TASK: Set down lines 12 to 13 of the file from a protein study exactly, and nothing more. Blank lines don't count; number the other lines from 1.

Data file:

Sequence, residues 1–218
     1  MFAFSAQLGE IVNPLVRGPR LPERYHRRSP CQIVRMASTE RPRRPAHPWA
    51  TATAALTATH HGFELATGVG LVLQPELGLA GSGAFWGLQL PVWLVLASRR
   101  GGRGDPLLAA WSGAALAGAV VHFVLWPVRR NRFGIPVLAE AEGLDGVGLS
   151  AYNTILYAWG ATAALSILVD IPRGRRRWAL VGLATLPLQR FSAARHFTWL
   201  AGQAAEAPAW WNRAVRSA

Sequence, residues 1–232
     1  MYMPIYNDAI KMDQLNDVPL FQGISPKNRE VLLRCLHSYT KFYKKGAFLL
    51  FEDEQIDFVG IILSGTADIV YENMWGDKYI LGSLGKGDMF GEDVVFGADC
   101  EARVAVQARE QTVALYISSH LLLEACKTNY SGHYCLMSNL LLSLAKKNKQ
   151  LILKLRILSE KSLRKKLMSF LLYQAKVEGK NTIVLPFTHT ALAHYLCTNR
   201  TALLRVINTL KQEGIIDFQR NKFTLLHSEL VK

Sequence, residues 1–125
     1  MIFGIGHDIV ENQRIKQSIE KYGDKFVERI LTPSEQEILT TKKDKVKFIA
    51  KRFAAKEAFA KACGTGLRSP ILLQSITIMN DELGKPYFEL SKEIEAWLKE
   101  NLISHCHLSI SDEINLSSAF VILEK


   201  TALLRVINTL KQEGIIDFQR NKFTLLHSEL VK

Sequence, residues 1–125